He also has a good discussion about the implications of the words we use to talk about policy.
What I love about Bob's crusade against the LIHTC is that he really gets into issues of policy design. A lot of people see a problem - say, with low income housing - and assume that just putting money into things related to that problem will solve it. Sometimes you have to go a little deeper and think about the implications of taking a supply side approach or a demand side approach, thinking about eligibility rules, thinking about implementation, etc.
This is a pretty straightforward "a demand-side approach will work better than a supply-side approach argument".
You see this all the time in the science and engineering workforce discussion too. Yes, there are good reasons for public investments in science. But the problems are largely on the demand side and not the supply side. For some reason, some people still seem intent on throwing money at the problem without thinking of policy design and end up supporting the most obvious policy intervention (in the case of science policy, it's also often a supply-side solution).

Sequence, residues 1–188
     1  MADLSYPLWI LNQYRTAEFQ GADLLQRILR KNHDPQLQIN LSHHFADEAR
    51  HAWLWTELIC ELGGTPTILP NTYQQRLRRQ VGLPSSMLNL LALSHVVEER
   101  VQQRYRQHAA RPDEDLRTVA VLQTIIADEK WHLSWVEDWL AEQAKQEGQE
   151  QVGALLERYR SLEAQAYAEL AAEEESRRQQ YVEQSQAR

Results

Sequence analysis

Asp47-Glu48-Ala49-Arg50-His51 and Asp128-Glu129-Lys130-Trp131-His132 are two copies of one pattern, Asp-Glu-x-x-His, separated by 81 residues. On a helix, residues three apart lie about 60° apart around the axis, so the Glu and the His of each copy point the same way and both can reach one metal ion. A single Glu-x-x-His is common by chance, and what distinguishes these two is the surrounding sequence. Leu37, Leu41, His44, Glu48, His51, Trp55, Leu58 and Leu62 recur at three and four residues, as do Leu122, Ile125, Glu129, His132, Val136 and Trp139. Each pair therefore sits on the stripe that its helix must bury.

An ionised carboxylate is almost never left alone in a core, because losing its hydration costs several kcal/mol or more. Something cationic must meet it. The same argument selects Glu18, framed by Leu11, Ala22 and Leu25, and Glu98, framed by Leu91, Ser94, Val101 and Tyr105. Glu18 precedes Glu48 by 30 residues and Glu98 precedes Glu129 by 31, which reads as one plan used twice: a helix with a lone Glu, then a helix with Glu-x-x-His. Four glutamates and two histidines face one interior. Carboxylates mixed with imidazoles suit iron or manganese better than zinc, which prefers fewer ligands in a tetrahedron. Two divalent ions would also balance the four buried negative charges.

There's nothing special about the demand side of course. Bob takes a demand side approach on low income housing policy, I take a demand side approach on science workforce policy, and I also think on the demand side when we talk about recessions here too. That's just a coincidence - there's a lot of potentially good policy on the supply side too.
John Nash’s Contribution to Game Theory
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